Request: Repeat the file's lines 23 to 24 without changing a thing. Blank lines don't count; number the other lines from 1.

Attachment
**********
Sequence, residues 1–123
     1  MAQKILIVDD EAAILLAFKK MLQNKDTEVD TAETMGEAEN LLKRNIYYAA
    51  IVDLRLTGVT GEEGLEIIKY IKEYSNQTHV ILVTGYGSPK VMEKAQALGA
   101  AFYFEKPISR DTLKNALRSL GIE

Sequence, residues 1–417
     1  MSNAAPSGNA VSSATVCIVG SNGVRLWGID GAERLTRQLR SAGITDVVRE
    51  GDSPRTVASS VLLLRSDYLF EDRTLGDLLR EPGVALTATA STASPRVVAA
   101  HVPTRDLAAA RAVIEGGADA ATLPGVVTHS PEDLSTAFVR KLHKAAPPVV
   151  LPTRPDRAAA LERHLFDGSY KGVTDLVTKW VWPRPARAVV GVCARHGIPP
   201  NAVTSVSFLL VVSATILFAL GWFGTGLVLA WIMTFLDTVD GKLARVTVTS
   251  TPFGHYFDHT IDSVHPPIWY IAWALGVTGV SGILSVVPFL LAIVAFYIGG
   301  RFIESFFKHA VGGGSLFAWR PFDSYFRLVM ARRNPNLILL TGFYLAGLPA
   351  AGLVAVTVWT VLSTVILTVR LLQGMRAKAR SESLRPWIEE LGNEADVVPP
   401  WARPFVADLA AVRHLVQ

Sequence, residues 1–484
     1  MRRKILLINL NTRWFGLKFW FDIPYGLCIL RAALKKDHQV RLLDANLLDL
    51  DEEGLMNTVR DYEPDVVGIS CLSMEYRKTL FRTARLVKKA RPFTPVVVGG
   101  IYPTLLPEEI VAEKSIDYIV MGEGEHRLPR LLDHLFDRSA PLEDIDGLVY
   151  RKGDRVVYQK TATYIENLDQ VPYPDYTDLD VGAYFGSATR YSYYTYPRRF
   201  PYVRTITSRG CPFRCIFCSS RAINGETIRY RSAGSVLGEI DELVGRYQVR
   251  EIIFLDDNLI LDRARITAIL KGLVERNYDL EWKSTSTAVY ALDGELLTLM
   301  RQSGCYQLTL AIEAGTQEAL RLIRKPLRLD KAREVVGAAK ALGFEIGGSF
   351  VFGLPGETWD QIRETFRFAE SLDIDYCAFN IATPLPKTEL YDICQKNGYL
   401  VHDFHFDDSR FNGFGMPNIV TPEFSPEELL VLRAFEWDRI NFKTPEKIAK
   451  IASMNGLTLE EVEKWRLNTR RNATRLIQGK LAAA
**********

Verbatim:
   351  VFGLPGETWD QIRETFRFAE SLDIDYCAFN IATPLPKTEL YDICQKNGYL
   401  VHDFHFDDSR FNGFGMPNIV TPEFSPEELL VLRAFEWDRI NFKTPEKIAK